Poly(chloroethene), usually known as polyvinyl chloride or just PVC, is the most versatile plastic and, after poly(ethene), the most widely used.  The variety of uses comes from its ability to be formulated with different additives and with different molecular masses, giving plastics that range from rigid to pliable.


Uses of poly(chloroethene) (polyvinyl chloride)

Poly(chloroethene) is used in building and construction, for example in making window and door profiles and in making pipes (from guttering to sewers, and ducting for cables).

Figure 1  Uses of poly(chloroethene).

It is also much used for packaging, including film for food and bottles.  Wire and cable insulation and sheathing, for example in telephones, computers as well as for power transmission cables, is another main outlet for the polymer.

Figure 2  A floating boom made of poly(chloroethene) used to protect a bay from oil spill pollution.
By kind permission of Arkema.





Figure 3  Poly(chloroethene) is used to make these blister packs for pills.
By kind permission of Valmai Firth.

Chloroethene (vinyl chloride) is also used to produce co-polymers, for example with ethenyl ethanoate (vinyl acetate). The co-polymer can be processed at much lower temperatures than poly(chloroethene) homopolymers of the same relative molecular mass.  It is used for coating metals and wood.  The film is flexible, hard wearing, resistant to chemical attack and can be pigmented so that it is particularly suitable, for example, for ships.  The co-polymer is also used in adhesives and in inks.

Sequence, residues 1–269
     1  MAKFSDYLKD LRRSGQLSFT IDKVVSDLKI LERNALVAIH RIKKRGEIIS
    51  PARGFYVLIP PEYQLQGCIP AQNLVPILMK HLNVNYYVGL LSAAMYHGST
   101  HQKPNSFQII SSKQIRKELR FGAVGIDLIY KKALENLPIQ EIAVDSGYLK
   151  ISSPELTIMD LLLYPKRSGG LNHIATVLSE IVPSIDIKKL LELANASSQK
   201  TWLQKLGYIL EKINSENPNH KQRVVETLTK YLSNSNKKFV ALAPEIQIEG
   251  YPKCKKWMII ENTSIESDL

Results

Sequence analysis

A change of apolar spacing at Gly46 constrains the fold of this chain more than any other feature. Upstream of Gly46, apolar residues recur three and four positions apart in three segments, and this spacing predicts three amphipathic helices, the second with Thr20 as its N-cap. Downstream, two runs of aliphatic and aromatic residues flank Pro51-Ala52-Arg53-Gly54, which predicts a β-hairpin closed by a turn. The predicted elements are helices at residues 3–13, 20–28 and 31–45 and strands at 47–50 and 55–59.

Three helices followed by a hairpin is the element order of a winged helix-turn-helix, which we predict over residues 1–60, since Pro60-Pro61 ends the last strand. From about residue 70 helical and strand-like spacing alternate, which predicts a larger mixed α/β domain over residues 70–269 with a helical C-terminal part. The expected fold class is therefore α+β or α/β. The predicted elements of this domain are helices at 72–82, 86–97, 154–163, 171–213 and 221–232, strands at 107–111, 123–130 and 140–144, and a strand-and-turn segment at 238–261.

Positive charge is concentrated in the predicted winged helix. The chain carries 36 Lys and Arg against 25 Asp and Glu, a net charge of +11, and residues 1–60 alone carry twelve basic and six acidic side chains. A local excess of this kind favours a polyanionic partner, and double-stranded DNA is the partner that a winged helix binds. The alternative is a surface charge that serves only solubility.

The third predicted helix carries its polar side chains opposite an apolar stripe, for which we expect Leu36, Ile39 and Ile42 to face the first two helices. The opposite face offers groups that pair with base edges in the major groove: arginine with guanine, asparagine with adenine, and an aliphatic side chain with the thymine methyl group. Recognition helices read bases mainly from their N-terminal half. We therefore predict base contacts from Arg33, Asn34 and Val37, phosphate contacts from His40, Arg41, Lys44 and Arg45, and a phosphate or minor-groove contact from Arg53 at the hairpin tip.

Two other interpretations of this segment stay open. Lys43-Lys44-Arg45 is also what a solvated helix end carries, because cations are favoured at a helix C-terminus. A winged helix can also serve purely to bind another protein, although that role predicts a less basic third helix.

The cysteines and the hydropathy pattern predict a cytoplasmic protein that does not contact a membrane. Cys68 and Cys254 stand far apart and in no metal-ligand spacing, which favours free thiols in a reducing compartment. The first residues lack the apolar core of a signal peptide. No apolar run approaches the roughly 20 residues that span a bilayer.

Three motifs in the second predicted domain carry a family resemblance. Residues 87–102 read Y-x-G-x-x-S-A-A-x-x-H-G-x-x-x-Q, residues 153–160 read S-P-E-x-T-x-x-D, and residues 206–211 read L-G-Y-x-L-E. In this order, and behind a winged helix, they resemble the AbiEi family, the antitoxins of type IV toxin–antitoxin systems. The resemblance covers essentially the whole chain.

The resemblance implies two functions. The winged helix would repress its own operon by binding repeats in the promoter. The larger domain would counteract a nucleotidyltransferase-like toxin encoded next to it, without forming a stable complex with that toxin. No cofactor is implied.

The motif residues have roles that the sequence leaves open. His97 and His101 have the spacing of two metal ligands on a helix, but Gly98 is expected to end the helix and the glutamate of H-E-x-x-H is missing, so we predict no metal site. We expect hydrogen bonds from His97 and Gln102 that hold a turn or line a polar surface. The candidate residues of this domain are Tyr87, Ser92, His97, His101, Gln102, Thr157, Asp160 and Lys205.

Annual production of poly(chloroethene) (polyvinyl chloride)

World 38.5 million tonnes1, 2, 3
Asia 21.5 million tonnes1
US 6.9 million tonnes1
Europe 6.7 million tonnes1
Russia 0.51 million tonnes4

Data from:
1.  Data for 2013, Merchant Research and Consulting Ltd, 2014
2.  Estimated to be 45 million tonnes in 2017, Merchant Reseaech and Consulting Ltd, 2014
3.  Estimated to be 55 million tonnes in 2020, Business Wire, 2011
4.  Federal State Statistics Service: Russian Federation 2011

Manufacture of poly(chloroethene) (polyvinyl chloride)

The production of PVC involves several stages:
a) ethene is converted into 1,2-dichloroethane
b) 1,2-dichloroethane is cracked to chloroethene (vinyl chloride)
c) polymerization of chloroethene (vinyl chloride)

(a) Production of 1,2-dichloroethane

Ethene is obtained from the cracking of ethane, propane, naphtha and gas oil. In practice, two processes for the overall conversion of ethene to chloroethene are used in parallel.

(i) Direct chlorination

Ethene is reacted with chlorine in the liquid phase, using excess chloroethene as solvent.  The catalyst, iron(lll) chloride, is soluble in chloroethene.  The reaction is exothermic, and no external heat is needed.

The reaction temperature is maintained at 320-350 K and with a pressure of ca 4 atm.  Higher temperatures give unwanted polychlorinated compounds.

(ii) Oxychlorination route

The cracking of 1,2-dichloroethane during stage (b) of the overall process forms hydrogen chloride as a by-product.  It is unwanted as hydrogen chloride and is very detrimental to the environment.  However, it can be used in this second method of making 1,2-dichloroethane.

Ethene is mixed with hydrogen chloride and air (enriched with oxygen).  The gases are passed over a heated solid catalyst in metal tubes, in a fluid bed reactor, maintained at ca 500 K and 5 atm.